In the neighboring Autonomous Region—a region with similar cultural and religious diversity, and where the maintenance of social stability is likewise a key policy goal after years of unrest— foreign influence is also blamed for the incitement of separatism and social unrest. The Dalai Lama, who Beijing continues to view as a separatist, was recently criticized by Chinese authorities after suggesting that he could be the last incarnation of the spiritually—and formerly politically—empowered institution. Authorities in Tibetan regions have also been encouraging patriotism in the religious community, and making religious institutions a key venue for the dissemination of Party propaganda.

Zhang’s call for religious leaders to “steer religions forward with Chinese socialism,” hints at a central policy giving the Party direct authority over religious observance. Last year, after church demolitions and cross removals in historically Christian regions of Zhejiang met with public protest, the State Administration for Religious Affairs announced that it will “continue to promote the development of Christianity […] in a way compatible with the country’s path of socialism.”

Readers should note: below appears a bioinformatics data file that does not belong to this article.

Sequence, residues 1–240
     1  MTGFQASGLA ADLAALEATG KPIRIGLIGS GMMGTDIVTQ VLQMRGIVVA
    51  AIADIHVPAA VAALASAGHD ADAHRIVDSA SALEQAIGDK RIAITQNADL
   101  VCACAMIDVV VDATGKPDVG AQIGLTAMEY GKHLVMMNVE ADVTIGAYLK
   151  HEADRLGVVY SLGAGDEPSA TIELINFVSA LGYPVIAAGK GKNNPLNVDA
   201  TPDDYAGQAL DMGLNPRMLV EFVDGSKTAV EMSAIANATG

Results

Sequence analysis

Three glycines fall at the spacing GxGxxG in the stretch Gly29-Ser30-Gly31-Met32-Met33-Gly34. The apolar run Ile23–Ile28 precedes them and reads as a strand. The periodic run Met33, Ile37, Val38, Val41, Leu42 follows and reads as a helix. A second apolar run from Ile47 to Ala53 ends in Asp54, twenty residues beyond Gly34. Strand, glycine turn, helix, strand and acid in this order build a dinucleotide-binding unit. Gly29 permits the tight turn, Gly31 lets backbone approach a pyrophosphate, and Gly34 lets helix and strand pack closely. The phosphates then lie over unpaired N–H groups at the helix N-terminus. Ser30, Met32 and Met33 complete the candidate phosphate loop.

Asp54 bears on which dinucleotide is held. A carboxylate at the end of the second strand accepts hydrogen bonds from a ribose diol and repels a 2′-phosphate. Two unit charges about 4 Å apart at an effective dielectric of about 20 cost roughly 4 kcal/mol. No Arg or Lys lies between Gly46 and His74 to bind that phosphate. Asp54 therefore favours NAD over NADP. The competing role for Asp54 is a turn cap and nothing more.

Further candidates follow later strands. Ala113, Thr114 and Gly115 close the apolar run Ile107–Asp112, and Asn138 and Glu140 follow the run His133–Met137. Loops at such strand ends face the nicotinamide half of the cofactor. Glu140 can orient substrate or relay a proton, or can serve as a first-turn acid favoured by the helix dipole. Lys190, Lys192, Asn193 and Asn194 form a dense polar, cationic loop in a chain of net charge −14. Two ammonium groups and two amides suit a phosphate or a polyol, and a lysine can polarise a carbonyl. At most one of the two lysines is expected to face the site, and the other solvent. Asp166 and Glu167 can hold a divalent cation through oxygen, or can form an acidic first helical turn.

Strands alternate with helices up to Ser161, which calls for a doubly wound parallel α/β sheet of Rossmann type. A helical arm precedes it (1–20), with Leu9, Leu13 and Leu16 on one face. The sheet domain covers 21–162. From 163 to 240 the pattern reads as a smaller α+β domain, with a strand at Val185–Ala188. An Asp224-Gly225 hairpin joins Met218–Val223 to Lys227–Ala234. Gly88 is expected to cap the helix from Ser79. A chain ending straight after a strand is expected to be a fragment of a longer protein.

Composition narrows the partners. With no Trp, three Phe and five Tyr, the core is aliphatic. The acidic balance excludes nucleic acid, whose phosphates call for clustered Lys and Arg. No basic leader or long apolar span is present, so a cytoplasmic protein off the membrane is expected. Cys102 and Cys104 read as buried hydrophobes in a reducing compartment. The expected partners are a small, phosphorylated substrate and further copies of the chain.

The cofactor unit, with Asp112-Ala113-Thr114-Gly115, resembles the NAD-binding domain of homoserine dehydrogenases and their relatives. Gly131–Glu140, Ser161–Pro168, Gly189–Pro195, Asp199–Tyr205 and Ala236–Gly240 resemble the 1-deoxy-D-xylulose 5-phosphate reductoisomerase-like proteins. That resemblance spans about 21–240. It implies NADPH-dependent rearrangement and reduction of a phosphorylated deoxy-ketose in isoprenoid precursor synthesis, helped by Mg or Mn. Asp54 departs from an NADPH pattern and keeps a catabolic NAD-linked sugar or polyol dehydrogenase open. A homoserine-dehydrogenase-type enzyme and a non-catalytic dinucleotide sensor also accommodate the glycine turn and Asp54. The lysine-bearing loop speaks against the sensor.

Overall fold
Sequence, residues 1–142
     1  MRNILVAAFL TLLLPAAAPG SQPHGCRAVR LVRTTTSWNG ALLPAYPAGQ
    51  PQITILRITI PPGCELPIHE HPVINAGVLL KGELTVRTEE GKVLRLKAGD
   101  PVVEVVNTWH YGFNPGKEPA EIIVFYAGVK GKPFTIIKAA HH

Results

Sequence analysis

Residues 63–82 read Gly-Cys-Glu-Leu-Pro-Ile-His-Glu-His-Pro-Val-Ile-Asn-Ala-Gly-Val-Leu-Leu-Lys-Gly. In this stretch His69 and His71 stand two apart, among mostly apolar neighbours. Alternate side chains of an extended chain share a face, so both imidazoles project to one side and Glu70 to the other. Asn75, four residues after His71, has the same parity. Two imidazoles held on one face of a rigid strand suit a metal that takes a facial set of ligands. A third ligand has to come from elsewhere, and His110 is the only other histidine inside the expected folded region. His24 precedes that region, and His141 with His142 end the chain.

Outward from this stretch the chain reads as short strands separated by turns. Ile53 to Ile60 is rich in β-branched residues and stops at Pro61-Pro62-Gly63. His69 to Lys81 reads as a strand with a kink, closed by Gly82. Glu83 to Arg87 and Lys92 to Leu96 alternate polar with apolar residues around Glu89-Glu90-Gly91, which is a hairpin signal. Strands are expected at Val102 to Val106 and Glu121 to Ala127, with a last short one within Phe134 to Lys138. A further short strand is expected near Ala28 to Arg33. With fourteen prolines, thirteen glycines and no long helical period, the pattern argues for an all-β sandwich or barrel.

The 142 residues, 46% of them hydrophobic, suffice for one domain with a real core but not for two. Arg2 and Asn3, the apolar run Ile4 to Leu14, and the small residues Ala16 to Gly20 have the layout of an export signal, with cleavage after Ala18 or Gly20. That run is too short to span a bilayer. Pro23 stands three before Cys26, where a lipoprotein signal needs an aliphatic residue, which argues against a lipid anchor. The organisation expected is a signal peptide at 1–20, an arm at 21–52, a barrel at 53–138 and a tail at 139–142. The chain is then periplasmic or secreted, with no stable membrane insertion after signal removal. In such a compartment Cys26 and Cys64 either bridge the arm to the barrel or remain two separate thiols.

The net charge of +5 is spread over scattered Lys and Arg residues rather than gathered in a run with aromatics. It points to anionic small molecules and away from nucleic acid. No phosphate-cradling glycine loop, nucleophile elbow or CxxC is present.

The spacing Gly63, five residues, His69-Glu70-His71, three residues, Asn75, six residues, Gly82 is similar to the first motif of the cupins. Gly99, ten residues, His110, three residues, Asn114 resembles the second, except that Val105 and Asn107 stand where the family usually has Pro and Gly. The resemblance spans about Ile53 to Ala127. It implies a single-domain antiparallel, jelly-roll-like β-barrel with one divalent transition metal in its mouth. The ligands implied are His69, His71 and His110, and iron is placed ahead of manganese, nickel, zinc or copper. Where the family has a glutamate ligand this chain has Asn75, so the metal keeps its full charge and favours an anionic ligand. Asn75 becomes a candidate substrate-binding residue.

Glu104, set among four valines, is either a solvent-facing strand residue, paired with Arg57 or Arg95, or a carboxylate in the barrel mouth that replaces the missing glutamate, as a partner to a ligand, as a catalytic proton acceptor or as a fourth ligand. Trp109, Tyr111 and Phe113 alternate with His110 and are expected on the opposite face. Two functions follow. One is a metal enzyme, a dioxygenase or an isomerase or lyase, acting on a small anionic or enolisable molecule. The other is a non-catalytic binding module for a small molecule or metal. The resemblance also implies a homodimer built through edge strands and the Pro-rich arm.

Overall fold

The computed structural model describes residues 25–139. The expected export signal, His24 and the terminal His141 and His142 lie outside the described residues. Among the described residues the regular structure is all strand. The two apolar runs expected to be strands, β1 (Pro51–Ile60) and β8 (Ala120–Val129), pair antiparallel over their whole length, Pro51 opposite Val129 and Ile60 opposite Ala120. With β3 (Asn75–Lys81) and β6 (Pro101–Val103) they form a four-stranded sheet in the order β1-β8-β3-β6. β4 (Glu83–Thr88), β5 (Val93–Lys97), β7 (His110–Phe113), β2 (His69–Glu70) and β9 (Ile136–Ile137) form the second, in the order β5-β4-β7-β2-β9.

Foreign hostility has also been labeled a threat in realms of society other than religion. Ideological campaigns against the influence of Western values have recently been launched in the Party, the academy, and the legal system. Commentators have noted that “ideological security” is a major focus of controversial draft laws on national security, terrorism, and the management of foreign NGOs. As the government rallies against the influence of foreign ideas on social and political stability, intrinsically Chinese models of political ideology are being promoted. The South China Morning Post’s Cary Huang reports on an imminent patriotic education campaign for officials:

Millions of government officials and civil servants on the mainland will be asked to learn ancient Chinese classics – or “guoxue” – as part of a patriotic indoctrination course aimed at boosting their talents and morals.

To prepare for the nationwide education campaign, the Chinese Academy of Governance has published its first series of textbooks on ancient Chinese classics aimed at officials, the Legal Daily reported yesterday.

“All the current government cadres at various levels will be asked to undergo the training course on traditional Chinese culture, provided by the Chinese Academy of Governance and its affiliates at provincial level governments,” it said […] [Source]